Chapter 6: The UDL Guidelines:
Translating Theory into Practice
The term Universal Design for Learning was first designed and shared by Anne Meyers and David H. Rose in the late 1990's. In 2002 they published Teaching Every Student in the Digital Age: Universal Design for Learning. Since then they (and countless others) have continued to refine and define UDL and what it means in the context of today's classrooms and today's learners.
UDL often appears simple - there are only 3 guidelines after all - however, when you dive in it can be overwhelming - there are 31 checkpoints! As such we often see surface explanations of UDL.
You might hear UDL is:
Just good teaching (no, it's much more than that)
Is the same as differentiated instruction (no, this blog by Katie Novak gives a good analogy)
Providing learners with multiple means of engagement, representation and, action and expression (a good start)
Ensuring all learning materials are accessible (absolutely essential)
All about options and choice (yes, but that's not the whole story)
UDL has many layers all with the intended goal of developing learner expertise, moving from...
The science behind the why, what and how of learning
To UDL's three principles and their related guidelines
To the "layered" view where connections are made across the three principles
Being on the top step looking down into the depths of UDL can feel like you might be swamped by the volume of changes required. While it's important to know there's more to UDL than meets the eye, we believe slowly wading in is better than a careless dive onto the rocks.
Apps and Resources
Pause and Reflect
We've compiled the pause and reflect questions from the book into a Google Doc.
Feel free to make a copy and work inside the document, or record your thoughts using another form of media.
Regardless of where you are in your understanding, exploration, and application of UDL, consider...the UDL Guidelines as a continuum that starts with external factors in the environment and moves inward to more internal factors that reside in the learner...(Moving)—from extrinsic to intrinsic, from teacher-driven instruction to student-driven learning—(helps) us achieve the ultimate goal of UDL: developing expert learners who are purposeful and motivated, resourceful and knowledgeable, and strategic and goal-directed.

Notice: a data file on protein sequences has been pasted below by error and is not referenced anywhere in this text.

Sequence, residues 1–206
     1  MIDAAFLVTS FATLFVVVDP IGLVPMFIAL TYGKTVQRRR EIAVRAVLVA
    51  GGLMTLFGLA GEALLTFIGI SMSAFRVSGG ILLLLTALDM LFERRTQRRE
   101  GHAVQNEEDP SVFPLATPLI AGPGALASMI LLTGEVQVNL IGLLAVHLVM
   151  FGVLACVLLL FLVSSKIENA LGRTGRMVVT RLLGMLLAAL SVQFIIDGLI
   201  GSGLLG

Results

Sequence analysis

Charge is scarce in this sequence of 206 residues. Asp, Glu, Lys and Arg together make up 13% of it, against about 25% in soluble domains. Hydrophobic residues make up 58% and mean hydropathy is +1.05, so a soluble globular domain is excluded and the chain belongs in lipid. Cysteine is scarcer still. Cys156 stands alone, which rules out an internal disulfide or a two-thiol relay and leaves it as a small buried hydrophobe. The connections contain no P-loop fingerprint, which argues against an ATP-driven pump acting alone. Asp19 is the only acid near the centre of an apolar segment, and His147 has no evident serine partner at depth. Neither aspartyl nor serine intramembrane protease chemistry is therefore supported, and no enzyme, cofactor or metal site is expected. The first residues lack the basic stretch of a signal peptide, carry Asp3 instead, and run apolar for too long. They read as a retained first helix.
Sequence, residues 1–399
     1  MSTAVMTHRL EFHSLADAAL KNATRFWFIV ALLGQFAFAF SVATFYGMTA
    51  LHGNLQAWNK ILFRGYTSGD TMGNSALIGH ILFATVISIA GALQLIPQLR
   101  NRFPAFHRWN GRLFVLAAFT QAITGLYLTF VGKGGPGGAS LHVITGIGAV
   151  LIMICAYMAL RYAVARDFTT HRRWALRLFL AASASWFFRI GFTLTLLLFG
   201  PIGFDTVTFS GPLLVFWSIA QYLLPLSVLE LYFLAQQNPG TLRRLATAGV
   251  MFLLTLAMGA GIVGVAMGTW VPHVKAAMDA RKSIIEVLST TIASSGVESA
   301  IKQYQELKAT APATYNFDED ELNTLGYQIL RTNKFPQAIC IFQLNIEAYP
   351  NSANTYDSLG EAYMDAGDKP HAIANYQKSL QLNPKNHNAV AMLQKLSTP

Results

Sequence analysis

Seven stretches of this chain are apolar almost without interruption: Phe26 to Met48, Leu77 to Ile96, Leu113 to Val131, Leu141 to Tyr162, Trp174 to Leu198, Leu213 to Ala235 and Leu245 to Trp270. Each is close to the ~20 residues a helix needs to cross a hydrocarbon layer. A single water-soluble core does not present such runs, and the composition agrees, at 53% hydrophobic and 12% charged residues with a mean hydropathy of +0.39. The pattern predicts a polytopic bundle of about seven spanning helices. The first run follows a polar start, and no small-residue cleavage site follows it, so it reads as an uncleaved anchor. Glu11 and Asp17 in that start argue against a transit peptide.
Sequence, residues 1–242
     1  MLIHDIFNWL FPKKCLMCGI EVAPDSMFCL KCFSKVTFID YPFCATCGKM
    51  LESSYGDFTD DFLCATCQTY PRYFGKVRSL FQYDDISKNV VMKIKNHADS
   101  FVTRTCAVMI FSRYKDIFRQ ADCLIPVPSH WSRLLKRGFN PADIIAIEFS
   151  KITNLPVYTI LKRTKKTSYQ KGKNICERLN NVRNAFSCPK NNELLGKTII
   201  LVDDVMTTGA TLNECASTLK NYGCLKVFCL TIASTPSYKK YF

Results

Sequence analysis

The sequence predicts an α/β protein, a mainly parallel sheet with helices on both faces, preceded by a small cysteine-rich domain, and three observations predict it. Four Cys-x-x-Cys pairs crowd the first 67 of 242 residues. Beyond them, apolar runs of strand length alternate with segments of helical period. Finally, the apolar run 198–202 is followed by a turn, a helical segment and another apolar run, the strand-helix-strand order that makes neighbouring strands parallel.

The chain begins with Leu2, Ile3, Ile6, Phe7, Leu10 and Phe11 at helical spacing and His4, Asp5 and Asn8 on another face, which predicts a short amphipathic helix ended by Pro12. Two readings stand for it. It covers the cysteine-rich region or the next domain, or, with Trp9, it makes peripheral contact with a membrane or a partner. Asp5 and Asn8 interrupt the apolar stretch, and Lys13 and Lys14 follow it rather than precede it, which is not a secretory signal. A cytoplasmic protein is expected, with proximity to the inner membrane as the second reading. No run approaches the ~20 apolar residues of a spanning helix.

Dive Into UDL (page 128)
Brain Networks and Related Guidelines
Let's get to know your brain - for real. There are many myths and misconceptions about the brain and how it functions. One of the most popular (you have probably heard it many times) is that you only use 10% of your brain. As the video explains, this myth is not supported by science.
What other brain myths have you heard? This Scientific American article on brain myths lists at least 5.
To learn more about the scientific basis for UDL, read chapter 3 in Universal Design for Learning: Theory and Practice (free from CAST, but requires a login).
The UDL Guidelines and Principles
With the revised UDL Guidelines, CAST has created a number of graphic organizers that provide choice in how you can approach the guidelines. One of these graphic organizers, provides spaces for you to enter your own reflections and examples. After reading the descriptions in the book, use the blank version of the guidelines to provide at least one example for each guideline from you own classroom or learning experience.
UDL and Today's Learners
Dr. Tony Wagner, co-director of Harvard's Change Leadership Group believes there are 7 core skills a child growing up today needs to thrive in the changing world of work.
Critical thinking and problem-solving
Collaboration across networks and leading by influence
Agility and adaptability
Initiative and entrepreneurialism
Effective oral and written communication
Accessing and analyzing information
Curiosity and imagination
After reading the article (and watching the video if you have time), do you agree with Dr. Wagner's list? What would you add or remove? Next, see if you can list at least three UDL guidelines that support learners in mastering each skill. Which one(s) did you find easier? Which one(s) took more time?